Brutality is inextricably tied to America’s cotton boom, with a 400% production increase 1801 to 1862. Enslaved people were under constant supervision, and their productivity and value were gauged by their daily outputs. Failing to meet quotas led to torture and realising quotas could also lead to torture as a means of motivation. Even the legacy of this working environment, where employees must always visibly busy and their productivity must be quantifiable, would come to inform capitalism the world over.
The South, which now had the most millionaires per capita , could survive seceding from the North because cotton and enslaved labour made it economically feasible.
James Henry Hammond famously said, “Without firing a gun, without drawing a sword… we could bring the whole world to its feet… What would happen if no cotton was furnished for three years? England would topple headlong and carry the whole civilised world with her to save the South. No, you dare not make war on cotton. No power on Earth dares to make war upon it. Cotton is king.”
And even though slavery would end with the Civil War and the cotton industry declined, America was still one of the wealthiest countries in the world. The wealth generated by slavery didn’t disappear either, it was absorbed to create 1% and the mass corporations that still exist today who now have bought the power to manipulate and control the free world.
The legacy of fast fashion
Although we think of fast fashion as a very 21st century issue, the fashion industry in the 18th century wasn’t so different from our own. Even without digital mass media, the dissipation of trends was rapid in the late 1700s. It was even said that if your maid stole your latest fashion plate, by the time you got a new one all the styles would already be outdated.
The guillotine didn’t cause the end of the little white dress or the need for cotton either, in fact it may have made it worse. The dress itself was an appropriation of the aesthetics of the lower and working classes and in distancing themselves from the monarchy and symbols of excess, the new French Republic adopted the chemise à la reine, now the robe en chemise, as a uniform that represented their new neoclassical, egalitarian beliefs.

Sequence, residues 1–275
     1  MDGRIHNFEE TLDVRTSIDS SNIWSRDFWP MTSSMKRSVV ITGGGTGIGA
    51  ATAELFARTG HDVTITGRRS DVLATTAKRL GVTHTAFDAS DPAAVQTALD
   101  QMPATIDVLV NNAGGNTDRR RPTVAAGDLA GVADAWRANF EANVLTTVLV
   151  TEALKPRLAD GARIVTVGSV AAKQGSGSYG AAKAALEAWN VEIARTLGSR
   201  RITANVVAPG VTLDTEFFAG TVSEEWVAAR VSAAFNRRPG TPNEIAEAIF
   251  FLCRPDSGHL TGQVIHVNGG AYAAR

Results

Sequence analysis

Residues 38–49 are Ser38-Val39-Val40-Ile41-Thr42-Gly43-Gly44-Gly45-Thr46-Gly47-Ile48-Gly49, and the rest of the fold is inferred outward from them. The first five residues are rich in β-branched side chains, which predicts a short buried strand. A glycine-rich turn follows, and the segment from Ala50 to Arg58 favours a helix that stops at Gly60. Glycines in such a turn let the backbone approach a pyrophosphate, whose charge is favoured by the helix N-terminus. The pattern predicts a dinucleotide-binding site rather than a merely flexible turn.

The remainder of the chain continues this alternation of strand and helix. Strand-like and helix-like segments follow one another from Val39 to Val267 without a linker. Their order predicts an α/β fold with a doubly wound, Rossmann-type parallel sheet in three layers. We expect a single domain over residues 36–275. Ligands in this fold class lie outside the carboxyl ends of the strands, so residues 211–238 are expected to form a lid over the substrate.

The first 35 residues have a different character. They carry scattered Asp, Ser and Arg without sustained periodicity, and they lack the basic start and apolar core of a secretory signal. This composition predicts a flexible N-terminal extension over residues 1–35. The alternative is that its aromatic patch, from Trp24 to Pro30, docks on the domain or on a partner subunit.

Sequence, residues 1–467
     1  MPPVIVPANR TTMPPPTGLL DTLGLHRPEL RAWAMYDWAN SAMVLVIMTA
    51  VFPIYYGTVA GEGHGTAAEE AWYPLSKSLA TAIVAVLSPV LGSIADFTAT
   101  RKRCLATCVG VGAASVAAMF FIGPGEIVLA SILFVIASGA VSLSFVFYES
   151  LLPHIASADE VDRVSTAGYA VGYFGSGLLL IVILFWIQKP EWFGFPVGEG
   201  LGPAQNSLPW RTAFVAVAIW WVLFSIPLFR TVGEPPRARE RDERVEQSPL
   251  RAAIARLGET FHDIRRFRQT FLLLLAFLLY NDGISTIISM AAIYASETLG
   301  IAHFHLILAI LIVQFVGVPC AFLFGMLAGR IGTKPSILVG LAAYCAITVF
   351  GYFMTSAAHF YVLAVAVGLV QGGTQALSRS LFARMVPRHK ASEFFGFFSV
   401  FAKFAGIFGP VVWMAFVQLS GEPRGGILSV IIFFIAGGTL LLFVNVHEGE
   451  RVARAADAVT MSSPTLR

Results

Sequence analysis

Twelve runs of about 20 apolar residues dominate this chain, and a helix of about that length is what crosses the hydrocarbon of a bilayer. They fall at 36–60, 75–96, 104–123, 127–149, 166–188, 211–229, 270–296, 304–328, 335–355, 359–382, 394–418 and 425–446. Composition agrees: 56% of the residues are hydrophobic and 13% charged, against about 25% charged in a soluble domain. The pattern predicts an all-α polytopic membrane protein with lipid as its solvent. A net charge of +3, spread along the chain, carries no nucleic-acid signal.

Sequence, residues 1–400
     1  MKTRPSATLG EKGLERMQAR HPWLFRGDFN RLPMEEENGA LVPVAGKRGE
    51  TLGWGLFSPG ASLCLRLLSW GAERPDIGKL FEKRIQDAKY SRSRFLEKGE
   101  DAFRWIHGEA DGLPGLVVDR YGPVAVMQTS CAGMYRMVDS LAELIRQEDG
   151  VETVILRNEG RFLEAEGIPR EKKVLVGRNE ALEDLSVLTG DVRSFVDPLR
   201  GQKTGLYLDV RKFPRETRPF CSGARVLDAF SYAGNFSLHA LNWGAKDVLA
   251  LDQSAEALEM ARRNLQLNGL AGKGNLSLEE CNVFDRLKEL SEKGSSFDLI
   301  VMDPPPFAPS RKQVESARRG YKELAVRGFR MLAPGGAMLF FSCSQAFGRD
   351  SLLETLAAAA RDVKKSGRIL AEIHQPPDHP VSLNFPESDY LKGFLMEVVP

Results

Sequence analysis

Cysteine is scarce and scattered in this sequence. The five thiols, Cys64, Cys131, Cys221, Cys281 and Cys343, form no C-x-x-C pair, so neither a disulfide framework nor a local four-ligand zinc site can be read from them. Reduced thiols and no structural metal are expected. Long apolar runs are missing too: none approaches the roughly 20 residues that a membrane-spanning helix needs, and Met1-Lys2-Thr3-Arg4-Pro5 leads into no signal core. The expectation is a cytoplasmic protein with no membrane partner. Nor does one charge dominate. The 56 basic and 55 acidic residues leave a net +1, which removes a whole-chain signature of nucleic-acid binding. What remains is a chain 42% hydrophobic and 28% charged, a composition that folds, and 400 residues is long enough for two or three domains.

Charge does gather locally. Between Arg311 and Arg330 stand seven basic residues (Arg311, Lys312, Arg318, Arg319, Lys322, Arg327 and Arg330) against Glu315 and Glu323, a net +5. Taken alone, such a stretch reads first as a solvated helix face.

All over the world, cotton became the textile of choice for everything from dress to home goods and machinery. And that never ended. Cotton opened the gateway to mass production in fashion. As it become cheaper and easier to produce goods, trends came and went with the speed of light. The industry has become a rat race of large corporations trying to be the first to get poor quality clothes into as many hands possible.
By now, we’re inundated with messages about sustainability, ethics and consciousness in fashion, and the first proactive measure is often natural fibres over synthetics. But not all synthetics are bad and not all natural fibres are good.
Cotton is an incredibly thirsty plant, the thirstiest of all agricultural products—the water used for India’s cotton farming in 2013 in one year was enough to provide 850 000 000 Indian citizens with 100 liters of water every day in the same period. The crop uses 2.5% of the world’s arable land but makes up more than 16% of global pesticide use; pesticides which are often poisonous to cotton labourers. Benin, Burkina Faso, China, India, Kazakhstan, Pakistan, Tajikistan, Uzbekistan, and Turkmenistan combined produce 65% of the world’s cotton and all have had several reports of using forced labour and child labour to farm cotton.
Cultural appropriation and the butterfly effect
There’s still much debate about the origins of the chemise à la reine. A similar dress, known as the robe à la creole, was popular amongst white French settlers in Caribbean colonies—a look they may have appropriated from the free and enslaved Afro-Caribbean and Indigenous women of Haiti and Martinique.
Whether or not this is true, the dress remains an instance of Marie Antoinette getting to adopt the aesthetics of the lower classes while actively contributing to those same people’s oppression and demise. Her rejection of French finery and court etiquette might endear us to her today as an example of a woman attempting to take agency over her life and image, and some view it as an attempt to show the French public a more humble and altruistic side to their monarch.
But no matter her intentions, this rich, white woman and her dress are complicit in the way white supremacy permeates the world and the fashion industry today. Fashion is such a powerful creative outlet for ingenuity, expression and individuality but, just like with the last queen of France, we cannot even begin to imagine how our personal choices can cost so many lives and freedoms.